Green Cleaning

I have long been desiring to go to a greener household – not just in energy consumption, which we try to accomplish in ways like using a clothesline instead of dryer,  letting dishes air dry instead of using the dry cycle and using natural daylight instead of electric lights, but in our cleaning products.  As I would prepare to clean the bathroom, donning gloves to protect my skin and hands from corrosive cleaners, opening a window to minimize fumes, I would wonder why we were using such dangerous and harmful products. I wondered what the pioneers used before us to clean their homes. Probably just good ol’ lye soap and water. But, being a product of my generation, I had been taught to buy into the billion-dollar cleaning industry, being led to believe I needed a cleaner for my toilet bowl, a cleaner for my shower, a cleaner for my sinks and counter tops. All harmful – not just to humans, but to our environment.

What’s more, these cleaners all contain opposing ingredients, and mixing them, which can happen accidentally, can be extremely harmful, potentially fatal, by creating extremely toxic fumes. I had a small experience with this myself. We had bought one of those toilet pucks containing bleach and dumped it in the toilet tank. Only a week later when the bleach smell was still quite strong (meaning there was a decent concentration of it in the toilet), I went to clean the toilet. Listening to some music, singing along, not really thinking, I grabbed a bottle of bathroom cleaner and sprayed it in the bowl. The smell was instant and horrible. I plugged my nose, opened the window and got out, closing the door behind me.  I had brought the bottle with me and there on the label was the warning: “Caution: Do not mix with bleach. Dangerous fumes can form.”  Thankfully, we were fine. But I’ll admit it scared me, and, it also served as an eye-opening view into how easy it is to accidentally mix cleaners.

That was the last time we ever used a toilet bowl cleaner, from then on out I just used my all-purpose bathroom cleaner. However, I wasn’t really happy with that either, as it still had such a strong, chemical smell. I began thinking about green cleaners in earnest. I decided to do some “Google Research” and see what I could come up with. Originally,  I was looking for a green product to buy so I did some research and found that the two leading “green” cleaners on the market were Green Works and Seventh Generation.

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Both claim to be almost-all naturally derived, non-toxic and environmentally friendly. But upon researching their ingredients, I still found them to contain several hard-to-pronounce ingredients. My new mantra in cleaner shopping (and food shopping) is – the longer the word, especially if I do not instantly know what it is, the more I want to stay away from it.  For being “green” both of these cleaners, still contain more chemicals than I want. The ingredients may have come from “natural sources”, but the processing they’ve undergone is not natural.  Let me share the ingredients in these two green cleaners:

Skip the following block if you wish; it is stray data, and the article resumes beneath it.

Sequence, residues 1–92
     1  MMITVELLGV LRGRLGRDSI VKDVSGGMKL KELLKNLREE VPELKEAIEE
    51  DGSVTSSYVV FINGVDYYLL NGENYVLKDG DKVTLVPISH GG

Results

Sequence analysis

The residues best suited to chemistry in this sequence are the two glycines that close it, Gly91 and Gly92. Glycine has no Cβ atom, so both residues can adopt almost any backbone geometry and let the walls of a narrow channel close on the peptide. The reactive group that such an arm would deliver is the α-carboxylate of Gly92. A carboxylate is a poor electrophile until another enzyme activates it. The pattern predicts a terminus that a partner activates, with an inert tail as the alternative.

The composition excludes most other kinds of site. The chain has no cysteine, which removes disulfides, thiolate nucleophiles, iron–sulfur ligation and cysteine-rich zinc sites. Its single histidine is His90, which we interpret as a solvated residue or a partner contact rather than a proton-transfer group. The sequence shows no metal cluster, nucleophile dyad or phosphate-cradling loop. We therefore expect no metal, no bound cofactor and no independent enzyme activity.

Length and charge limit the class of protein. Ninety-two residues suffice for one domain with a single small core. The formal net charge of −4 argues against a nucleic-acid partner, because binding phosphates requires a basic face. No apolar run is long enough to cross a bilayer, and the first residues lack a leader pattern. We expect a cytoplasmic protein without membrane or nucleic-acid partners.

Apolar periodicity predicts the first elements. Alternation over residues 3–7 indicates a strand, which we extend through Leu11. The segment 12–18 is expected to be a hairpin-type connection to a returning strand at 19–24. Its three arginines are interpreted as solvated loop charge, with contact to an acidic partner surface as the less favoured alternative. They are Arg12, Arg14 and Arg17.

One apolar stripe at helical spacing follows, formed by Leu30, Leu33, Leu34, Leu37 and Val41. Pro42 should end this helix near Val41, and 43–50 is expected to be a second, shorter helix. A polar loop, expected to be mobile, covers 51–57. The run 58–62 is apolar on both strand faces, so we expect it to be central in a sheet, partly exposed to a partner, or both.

Seventh Generation All Purpose Cleaner                      Green Works All Purpose Cleaner

caprylyl/myristyl glucoside                                               alkyl polyglucoside

lauramine oxide                                                              synthetic colorant

sodium gluconate                                                           ethanol

sodium carbonate                                                          synthetic fragrance

methylisothiazolinone                                                    potassium carbonate

benzisothiazolinone                                                       potassium citrate

preservatives

So, they may be derived from natural sources, and they may be non-toxic, but given the list of ingredients, it’s plain to see that these are still far from being “natural” cleaners. Also, were they to get accidentally ingested (by perhaps an overly inquisitive three year old), they were still harmful. So, I started researching again, only this time looking for “natural” remedies. I thankfully stumbled upon a goldmine, a blog called My Merry Messy Life. On her blog, she has several truly natural cleaning remedies – laundry detergents, toilet bowl cleaners, disinfectants and more – all containing no more than a few ingredients, all cheap and easy to make, and all containing natural, pure ingredients. Two of the staple ingredients are none other than baking soda and vinegar.

I learned a lot from her blog including the fact that baking soda has been used as a cleaning products for thousands of years – starting with the Ancient Egyptians!  Also, that distilled vinegar that you buy off the shelf at the grocery store has been in use as a remedy for fighting bacteria and diseases since the days of Hippocrates! Straight vinegar (at 5%) kills 99% of bacteria, 82% of mold, and 80% of germs.